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    $\begingroup$ ..they have not experienced strong enough selection to be silent fliers. people can only really hear those things when they fly close to your ears. $\endgroup$ – shigeta Jun 20 '15 at 16:28
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Gliders do not actively fly and there is no work done by them in producing motion. Other flying machines do make a sound.

If a trait exists then it means that there is not enough pressure against it. You can hear a mosquito only if it flies close to your ears; otherwise, they seem to be undetectable by hearing.

To produce ultrasonic sounds the mosquito has to flap its wings too fast- which is energy intensive. Conversely, to produce just infrasonics, it has to flap the wings too slowly which may not provide it with enough thrust.

A recent study by Bomphrey et al. (2017) suggests that mosquito flight is different from other insects and the aerodynamics are rather complex. Mosquitoes are known to use low amplitude, high-frequency flapping that generates the buzz.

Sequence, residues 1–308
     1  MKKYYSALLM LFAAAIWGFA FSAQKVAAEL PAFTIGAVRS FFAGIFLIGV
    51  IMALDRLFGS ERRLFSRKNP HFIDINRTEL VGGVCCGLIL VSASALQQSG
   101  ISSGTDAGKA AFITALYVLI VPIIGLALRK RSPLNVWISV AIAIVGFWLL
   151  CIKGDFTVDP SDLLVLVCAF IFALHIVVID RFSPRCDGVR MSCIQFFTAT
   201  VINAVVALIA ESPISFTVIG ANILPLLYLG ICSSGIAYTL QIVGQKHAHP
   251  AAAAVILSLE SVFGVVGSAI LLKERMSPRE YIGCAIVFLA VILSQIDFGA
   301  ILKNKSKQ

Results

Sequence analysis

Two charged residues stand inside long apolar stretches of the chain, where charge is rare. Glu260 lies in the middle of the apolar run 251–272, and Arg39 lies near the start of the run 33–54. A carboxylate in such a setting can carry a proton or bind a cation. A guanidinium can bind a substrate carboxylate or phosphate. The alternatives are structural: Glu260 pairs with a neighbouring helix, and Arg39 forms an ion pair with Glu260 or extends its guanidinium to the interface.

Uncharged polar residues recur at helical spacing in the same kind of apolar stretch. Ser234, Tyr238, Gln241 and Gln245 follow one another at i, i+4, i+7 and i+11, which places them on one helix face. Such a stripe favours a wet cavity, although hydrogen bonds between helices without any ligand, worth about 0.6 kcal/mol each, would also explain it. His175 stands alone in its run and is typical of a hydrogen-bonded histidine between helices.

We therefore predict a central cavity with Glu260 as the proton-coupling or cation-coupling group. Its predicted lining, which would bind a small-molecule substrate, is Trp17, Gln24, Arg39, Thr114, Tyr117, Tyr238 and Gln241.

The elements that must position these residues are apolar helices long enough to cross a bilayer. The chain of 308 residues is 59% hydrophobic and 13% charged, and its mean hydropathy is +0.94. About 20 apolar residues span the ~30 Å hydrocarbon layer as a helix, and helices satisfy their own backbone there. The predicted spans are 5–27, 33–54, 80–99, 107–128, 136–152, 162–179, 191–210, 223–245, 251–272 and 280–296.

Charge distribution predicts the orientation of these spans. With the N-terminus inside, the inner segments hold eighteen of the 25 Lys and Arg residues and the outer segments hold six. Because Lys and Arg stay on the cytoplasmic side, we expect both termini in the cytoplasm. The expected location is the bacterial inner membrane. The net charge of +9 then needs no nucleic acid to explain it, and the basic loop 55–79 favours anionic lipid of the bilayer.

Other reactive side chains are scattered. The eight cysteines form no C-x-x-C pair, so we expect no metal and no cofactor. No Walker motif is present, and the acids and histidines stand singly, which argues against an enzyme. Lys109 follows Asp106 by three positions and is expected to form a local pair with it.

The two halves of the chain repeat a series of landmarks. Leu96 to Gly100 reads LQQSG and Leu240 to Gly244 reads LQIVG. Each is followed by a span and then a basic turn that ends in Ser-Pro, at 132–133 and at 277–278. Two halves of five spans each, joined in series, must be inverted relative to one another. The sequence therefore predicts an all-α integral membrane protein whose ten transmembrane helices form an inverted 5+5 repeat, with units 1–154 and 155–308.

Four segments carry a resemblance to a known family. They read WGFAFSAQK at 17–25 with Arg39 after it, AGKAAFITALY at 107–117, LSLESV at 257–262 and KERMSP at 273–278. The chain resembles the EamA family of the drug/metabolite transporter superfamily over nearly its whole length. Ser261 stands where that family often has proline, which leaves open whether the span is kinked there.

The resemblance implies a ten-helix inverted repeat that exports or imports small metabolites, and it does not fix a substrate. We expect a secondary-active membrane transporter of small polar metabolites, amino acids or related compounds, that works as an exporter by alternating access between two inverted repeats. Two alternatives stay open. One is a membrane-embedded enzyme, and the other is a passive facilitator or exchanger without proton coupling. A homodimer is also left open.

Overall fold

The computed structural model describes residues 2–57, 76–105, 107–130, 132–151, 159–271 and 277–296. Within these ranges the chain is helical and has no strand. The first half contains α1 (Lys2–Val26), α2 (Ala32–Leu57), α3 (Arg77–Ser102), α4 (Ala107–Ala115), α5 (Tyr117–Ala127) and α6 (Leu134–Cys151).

From the abstract:

Mosquitoes exhibit unusual wing kinematics; their long, slender wings flap at remarkably high frequencies for their size (>800 Hz)and with lower stroke amplitudes than any other insect group1. This shifts weight support away from the translation-dominated, aerodynamic mechanisms used by most insects2, as well as by helicopters and aeroplanes, towards poorly understood rotational mechanisms that occur when pitching at the end of each half-stroke. Here we report free-flight mosquito wing kinematics, solve the full Navier–Stokes equations using computational fluid dynamics with overset grids, and validate our results with in vivo flow measurements. We show that, although mosquitoes use familiar separated flow patterns, much of the aerodynamic force that supports their weight is generated in a manner unlike any previously described for a flying animal. There are three key features: leading-edge vortices (a well-known mechanism that appears to be almost ubiquitous in insect flight), trailing-edge vortices caused by a form of wake capture at stroke reversal, and rotational drag. The two new elements are largely independent of the wing velocity, instead relying on rapid changes in the pitch angle (wing rotation) at the end of each half-stroke, and they are therefore relatively immune to the shallow flapping amplitude. Moreover, these mechanisms are particularly well suited to high aspect ratio mosquito wings.